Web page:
Continuing from last week’s blog post the Archivist is pleased to report that the Catalogue for the records created in producing the Society’s Journal has now gone online at Archives Hub. The material covers a variety of areas which have been listed in the following categories:
- RAS JOUR/1 Minutes of the Journal Editorial Board
- RAS JOUR/2 Internal Administrative Documents
- RAS JOUR/3 W.H. Allen and Company
- RAS JOUR/4 Stephen Austin and Sons, Ltd.
- RAS JOUR/5 Other Printers
- RAS JOUR/6 Cambridge University Press
- RAS JOUR/7 Reproduction and Distribution Agreements
- RAS JOUR/8 Author Copyright Agreements
- RAS JOUR/9 Transliteration Schemes
- RAS JOUR/10 Article Reprint Requests and Author Permissions
- RAS JOUR/11 19th Century Correspondence
- RAS JOUR/12 Administrative Correspondence
- RAS JOUR/13 Subscriptions
- RAS JOUR/14 Indexes
- RAS JOUR/15 Missing Volumes
- RAS JOUR/16 Articles
- RAS JOUR/17 Ephemera
Full details of the catalogue can be found here. The items within the collections date from the early days to the current day. As some of these are still very current they will be closed for research at present. And, of course, as the Journal is still very active the records will continue to be added to, in the future.
Some items of 19th century correspondence (RAS JOUR/11)
This Saturday, 23rd July, marks the 206th anniversary of the death of the artist, William Alexander, who died on that day in 1816. Alexander was born in Maidstone in 1767 and from 1784 attended the Royal Academy. While still an unknown artist he was selected to accompany the Macartney embassy to China (1792-4). He made many drawings some of which were later engraved for use in George Leonard Staunton’s and John Barrow’s accounts of the embassy. He also published other volumes such as The Costume of China and Picturesque Representations of the Chinese, part of a multi-volume work depicting costumes of many nations.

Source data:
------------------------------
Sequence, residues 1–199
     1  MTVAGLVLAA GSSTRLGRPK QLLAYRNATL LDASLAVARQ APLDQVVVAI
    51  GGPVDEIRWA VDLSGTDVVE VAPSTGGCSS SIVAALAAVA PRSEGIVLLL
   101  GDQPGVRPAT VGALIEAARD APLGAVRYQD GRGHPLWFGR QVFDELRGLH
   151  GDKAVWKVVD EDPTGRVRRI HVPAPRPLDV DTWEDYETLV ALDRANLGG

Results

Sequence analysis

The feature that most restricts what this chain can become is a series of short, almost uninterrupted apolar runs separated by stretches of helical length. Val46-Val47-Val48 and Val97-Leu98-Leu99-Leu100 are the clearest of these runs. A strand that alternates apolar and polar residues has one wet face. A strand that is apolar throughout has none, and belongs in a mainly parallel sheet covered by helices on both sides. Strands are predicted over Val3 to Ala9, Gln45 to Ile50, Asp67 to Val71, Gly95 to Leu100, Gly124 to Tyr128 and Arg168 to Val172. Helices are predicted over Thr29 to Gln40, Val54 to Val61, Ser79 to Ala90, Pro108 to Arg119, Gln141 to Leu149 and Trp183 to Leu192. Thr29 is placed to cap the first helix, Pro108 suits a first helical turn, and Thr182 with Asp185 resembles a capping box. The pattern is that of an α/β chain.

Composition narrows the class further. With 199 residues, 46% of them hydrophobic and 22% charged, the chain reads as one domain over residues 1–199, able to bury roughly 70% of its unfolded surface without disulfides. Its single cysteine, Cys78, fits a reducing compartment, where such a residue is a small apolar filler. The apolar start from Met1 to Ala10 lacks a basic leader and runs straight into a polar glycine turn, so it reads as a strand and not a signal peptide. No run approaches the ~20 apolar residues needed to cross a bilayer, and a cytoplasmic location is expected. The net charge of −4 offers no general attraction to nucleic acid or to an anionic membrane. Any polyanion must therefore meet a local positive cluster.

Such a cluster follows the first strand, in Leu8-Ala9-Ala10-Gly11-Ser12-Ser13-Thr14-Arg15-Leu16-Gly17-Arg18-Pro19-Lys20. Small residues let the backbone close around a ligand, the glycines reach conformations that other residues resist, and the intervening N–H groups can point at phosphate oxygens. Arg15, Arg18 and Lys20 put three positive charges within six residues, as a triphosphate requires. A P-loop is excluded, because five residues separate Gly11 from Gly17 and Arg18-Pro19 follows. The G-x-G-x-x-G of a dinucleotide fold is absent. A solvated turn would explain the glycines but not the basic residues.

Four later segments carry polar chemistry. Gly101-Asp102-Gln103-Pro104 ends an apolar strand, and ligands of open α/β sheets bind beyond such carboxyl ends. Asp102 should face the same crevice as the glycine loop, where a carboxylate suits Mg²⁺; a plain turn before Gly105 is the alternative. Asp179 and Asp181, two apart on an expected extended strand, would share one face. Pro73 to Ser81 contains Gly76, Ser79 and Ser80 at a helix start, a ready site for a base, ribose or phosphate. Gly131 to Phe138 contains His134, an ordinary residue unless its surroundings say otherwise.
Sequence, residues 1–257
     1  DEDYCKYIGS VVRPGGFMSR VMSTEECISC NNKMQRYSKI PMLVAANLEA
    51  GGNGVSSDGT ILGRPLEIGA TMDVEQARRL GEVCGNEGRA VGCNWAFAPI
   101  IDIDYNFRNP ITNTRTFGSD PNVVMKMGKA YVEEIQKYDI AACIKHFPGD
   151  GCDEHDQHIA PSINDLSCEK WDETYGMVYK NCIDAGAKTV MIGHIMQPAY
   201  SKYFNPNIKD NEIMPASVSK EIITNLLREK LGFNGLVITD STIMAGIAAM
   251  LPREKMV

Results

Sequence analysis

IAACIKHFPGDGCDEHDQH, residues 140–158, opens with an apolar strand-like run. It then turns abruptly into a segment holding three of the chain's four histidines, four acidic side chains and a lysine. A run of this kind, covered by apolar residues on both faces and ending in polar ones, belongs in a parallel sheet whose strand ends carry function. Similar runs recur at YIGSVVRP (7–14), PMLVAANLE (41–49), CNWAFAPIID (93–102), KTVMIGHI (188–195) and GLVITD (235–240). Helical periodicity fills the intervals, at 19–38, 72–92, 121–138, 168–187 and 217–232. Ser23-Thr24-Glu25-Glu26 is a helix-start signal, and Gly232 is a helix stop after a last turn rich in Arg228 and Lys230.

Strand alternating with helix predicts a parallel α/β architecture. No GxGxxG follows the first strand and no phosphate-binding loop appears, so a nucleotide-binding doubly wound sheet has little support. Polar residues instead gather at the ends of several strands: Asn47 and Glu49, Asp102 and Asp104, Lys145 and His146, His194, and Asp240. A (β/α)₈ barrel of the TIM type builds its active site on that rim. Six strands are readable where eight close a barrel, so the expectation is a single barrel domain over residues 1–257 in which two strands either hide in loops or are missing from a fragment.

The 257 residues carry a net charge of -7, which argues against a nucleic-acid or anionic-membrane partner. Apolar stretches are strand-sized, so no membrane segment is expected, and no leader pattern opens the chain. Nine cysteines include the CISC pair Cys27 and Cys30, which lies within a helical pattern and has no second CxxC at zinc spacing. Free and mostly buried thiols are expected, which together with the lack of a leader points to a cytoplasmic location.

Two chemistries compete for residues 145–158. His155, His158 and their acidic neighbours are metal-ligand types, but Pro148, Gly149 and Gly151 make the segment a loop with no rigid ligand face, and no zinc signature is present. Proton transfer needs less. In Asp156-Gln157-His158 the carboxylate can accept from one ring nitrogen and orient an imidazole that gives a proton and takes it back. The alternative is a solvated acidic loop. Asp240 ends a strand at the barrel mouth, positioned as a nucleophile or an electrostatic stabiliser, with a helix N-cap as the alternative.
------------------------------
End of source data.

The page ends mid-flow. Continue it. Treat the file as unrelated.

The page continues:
Alexander became Professor of Drawings at the Military College at Great Marlow in 1802 and, subsequently, was appointed first Keeper of the Prints and Drawings Department at the British Museum in 1808. The Society’s collections hold one painting by William Alexander. It is a watercolour, painted in 1799, and it portrays ‘The Approach of the Emperor of China to his Tent in Tartary to receive the British Ambassador’.
‘The Approach of the Emperor of China to his Tent in Tartary to receive the British Ambassador’ (RAS Head Cat. 05.001)
The painting pictures a scene from the ill-fated Macartney embassy and was donated to the Royal Asiatic Society by Sir George Thomas Staunton in March 1856. Staunton had been at the event in 1793, as a 12 year old boy but, interestingly, William Alexander was not present! He has been left behind at the Palace of Yuan-ming Yuan near Beijing. It is thought that he reconstructed the scenes from drawings made by Lt. William Parish and was also helped by an engraving in a book of Chinese scenes. Victoires et Conquêtes de L’Empéreur de la Chine, Published by Charles Nicholas Cochin in Paris between 1769-74. These engravings were based on drawings made by Guiseppe Castiglione, a Jesuit priest, and had been commissioned by the Emperor himself. Of the 100 copies, most went to China, but there is a copy within our Collections donated, again, by George Thomas Staunton. The book is a huge elephant volume, so please excuse the quality of the photograph, but below is a copy of the engraving, so you are able to make a comparison.
From Victoires et Conquêtes de L’Empéreur de la Chine, by Charles Nicholas Cochin.
Robert Arnott Book Launch
We recently finished up our lecture series for the year with a book launch from Professor Robert Arnott. You can now find the full presentation on our Youtube channel: